To disguise Labor’s agenda, the NTEU has criticised the government for supposedly “robbing Peter”—the universities—to “pay Paul”—the schools. In reality, in the schools—as in the universities—Labor is laying the foundations for a “user pays” voucher system that will enable the further privatisation of education at all levels. The new schools funding model aims to accelerate the shift of students into private education by extending the use of standardised test outcomes, in order to introduce “performance pay” for teachers and impose school closures, especially in working-class areas.

The NTEU has circulated a pro forma letter of protest, which praises the Labor government for “important policy initiatives” and “increased public investment” in higher education since 2009. The letter politely asks the government to “seriously reconsider” the latest cuts. No doubt, the same line will be pushed at proposed May 14 budget day protest rallies, no details of which have yet been released.

This argument is designed to sow illusions that the spending cuts are contrary to the government’s supposedly “progressive” education “revolution” and that Labor can somehow be convinced to withdraw the cutbacks. This is false to the core. The market-driven restructuring in the universities is part of a broader austerity offensive against all social spending, particularly in education, health and welfare, seeking to make the working class pay for the global financial breakdown that erupted in 2008.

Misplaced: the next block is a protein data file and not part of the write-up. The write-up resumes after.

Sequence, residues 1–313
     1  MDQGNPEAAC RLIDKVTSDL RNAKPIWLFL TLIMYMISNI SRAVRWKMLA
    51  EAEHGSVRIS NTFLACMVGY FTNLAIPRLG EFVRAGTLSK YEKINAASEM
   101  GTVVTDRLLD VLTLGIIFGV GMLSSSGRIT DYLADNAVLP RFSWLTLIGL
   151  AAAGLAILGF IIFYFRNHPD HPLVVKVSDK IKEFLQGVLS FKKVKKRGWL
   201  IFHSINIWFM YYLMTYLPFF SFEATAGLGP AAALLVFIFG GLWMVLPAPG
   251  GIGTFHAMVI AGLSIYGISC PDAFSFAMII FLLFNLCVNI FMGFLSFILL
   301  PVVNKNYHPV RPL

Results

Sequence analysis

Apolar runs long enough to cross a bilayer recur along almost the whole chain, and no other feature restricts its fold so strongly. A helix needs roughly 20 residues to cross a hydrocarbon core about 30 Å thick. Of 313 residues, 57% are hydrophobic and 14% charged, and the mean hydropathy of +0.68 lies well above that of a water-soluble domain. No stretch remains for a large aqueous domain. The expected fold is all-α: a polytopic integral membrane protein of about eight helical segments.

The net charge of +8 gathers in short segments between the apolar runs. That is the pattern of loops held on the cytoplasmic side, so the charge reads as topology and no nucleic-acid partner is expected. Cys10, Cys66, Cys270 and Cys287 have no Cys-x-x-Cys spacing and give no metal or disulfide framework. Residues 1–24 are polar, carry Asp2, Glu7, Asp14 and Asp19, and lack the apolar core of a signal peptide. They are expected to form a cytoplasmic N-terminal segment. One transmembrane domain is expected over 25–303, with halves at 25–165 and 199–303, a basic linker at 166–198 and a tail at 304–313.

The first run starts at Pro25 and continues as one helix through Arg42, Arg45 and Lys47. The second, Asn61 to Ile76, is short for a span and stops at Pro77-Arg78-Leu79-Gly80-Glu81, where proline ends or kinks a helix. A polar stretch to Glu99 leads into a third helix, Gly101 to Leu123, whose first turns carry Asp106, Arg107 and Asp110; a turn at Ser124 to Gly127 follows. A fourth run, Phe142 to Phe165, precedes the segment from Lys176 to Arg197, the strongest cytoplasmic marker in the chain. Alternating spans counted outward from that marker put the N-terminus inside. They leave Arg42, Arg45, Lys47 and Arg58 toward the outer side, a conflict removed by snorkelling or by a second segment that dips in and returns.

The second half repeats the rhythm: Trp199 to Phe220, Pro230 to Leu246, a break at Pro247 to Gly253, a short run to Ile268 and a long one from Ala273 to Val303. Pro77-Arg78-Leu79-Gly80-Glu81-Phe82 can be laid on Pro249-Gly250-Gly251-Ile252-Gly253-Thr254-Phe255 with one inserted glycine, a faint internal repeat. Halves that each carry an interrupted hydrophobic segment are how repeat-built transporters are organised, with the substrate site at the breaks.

In order to fight the university cuts, staff and students have to recognise that the unions are a critical mechanism through which the cutbacks are being imposed. To defend jobs and public education means taking matters out of the hands of the NTEU and building rank-and-file committees to prosecute a political struggle against the Labor government and the profit system itself.

University staff and students need to link up with the school teachers and students, who have suffered repeated betrayals by the teachers’ unions, and every other section of the working class facing the destruction of jobs and conditions. Such a fight requires the perspective of bringing to power a workers’ government based on a socialist program, including the provision of free high quality education for all.

 

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[24 April 2013]